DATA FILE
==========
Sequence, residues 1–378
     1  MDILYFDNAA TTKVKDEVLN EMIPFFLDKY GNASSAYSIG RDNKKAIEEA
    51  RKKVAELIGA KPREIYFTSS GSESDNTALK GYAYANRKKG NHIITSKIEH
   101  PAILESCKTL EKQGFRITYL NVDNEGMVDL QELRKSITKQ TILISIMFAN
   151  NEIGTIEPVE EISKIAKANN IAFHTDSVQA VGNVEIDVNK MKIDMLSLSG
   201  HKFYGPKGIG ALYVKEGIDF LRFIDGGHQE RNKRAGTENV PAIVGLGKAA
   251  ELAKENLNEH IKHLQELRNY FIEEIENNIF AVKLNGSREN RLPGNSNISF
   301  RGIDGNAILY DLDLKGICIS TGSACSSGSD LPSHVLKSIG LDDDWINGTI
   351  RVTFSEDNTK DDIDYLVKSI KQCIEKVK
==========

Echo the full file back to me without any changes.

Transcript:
Sequence, residues 1–378
     1  MDILYFDNAA TTKVKDEVLN EMIPFFLDKY GNASSAYSIG RDNKKAIEEA
    51  RKKVAELIGA KPREIYFTSS GSESDNTALK GYAYANRKKG NHIITSKIEH
   101  PAILESCKTL EKQGFRITYL NVDNEGMVDL QELRKSITKQ TILISIMFAN
   151  NEIGTIEPVE EISKIAKANN IAFHTDSVQA VGNVEIDVNK MKIDMLSLSG
   201  HKFYGPKGIG ALYVKEGIDF LRFIDGGHQE RNKRAGTENV PAIVGLGKAA
   251  ELAKENLNEH IKHLQELRNY FIEEIENNIF AVKLNGSREN RLPGNSNISF
   301  RGIDGNAILY DLDLKGICIS TGSACSSGSD LPSHVLKSIG LDDDWINGTI
   351  RVTFSEDNTK DDIDYLVKSI KQCIEKVK